Even though stories portray lighting a fire as simple as getting friction from two sticks and making sparks to start flames, properly lighting your fireplace is a little more difficult. However, when knowing tips on the right materials and the order to setting up, it can be simple. First, make sure your fireplace is safe to house a fire. Checking parts, having a chimney sweep, and other routine maintenance fixes are all important components to a stable fire.
First, you should make sure you have all the right types of wood. For the kindling stage you should use thin branches, generally smaller than a person’s wrist. Softer wood, such as spruce and pine, can also be used for this part of the fire. The softer wood also contains resin, which can form creosote and put you in more danger of having a house fire. The logs are also important and should be aged for six to twelve months. Freshly cut wood will burn unevenly and create both an unpleasant odor and a large amount of smoke. Woods such as ash, maple, and oak are some of the better choices to use for logs.
Oxygen is also important to building a fire. The oxygen circulates through the burning pieces keeping the fire moving as fuel is created from the fire. Tinder is something you will need, usually paper bags, newspapers, or wood chips, to be the base of your fire. For safety and clean up purposes some handy things to have may be a fireplace screen, stove gloves, and an ash rake.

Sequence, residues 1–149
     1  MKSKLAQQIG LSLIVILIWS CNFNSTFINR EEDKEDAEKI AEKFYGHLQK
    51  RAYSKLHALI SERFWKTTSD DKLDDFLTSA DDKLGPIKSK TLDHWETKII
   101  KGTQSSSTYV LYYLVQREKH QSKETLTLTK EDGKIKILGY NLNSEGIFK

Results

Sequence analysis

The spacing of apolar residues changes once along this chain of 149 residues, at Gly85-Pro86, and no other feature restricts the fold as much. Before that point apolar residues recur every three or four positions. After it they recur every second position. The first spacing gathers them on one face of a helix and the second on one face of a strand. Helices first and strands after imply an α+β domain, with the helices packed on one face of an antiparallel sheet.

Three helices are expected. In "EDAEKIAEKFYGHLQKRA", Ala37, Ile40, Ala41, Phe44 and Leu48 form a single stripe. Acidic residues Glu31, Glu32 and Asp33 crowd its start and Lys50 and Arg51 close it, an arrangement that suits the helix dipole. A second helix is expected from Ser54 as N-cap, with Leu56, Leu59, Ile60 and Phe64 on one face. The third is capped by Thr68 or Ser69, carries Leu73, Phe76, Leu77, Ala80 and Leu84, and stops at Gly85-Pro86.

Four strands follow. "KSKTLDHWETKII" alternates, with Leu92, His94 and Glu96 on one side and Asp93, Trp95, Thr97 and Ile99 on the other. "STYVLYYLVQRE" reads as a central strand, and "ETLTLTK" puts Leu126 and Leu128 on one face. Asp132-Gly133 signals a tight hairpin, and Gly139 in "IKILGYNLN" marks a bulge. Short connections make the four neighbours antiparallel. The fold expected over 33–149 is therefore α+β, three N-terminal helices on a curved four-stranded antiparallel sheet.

The first step to building your fire is to place your fire starters and/or your layer of tinder. Then the kindling is placed on top of that. Lastly, arrange the logs on the top of the fire. Remember that moist logs will not light the same as dry wood. Another hint is placing the logs criss-crossed where the fire can breathe and come up through the spaced between the logs.
Now that you have a few helpful hints you are well on your way to having a nice fire. Make sure you have proper chimney upkeep, as the fireplace is not the only part working with the fire. And above all, the most important thing to remember is to never leave your fire unattended.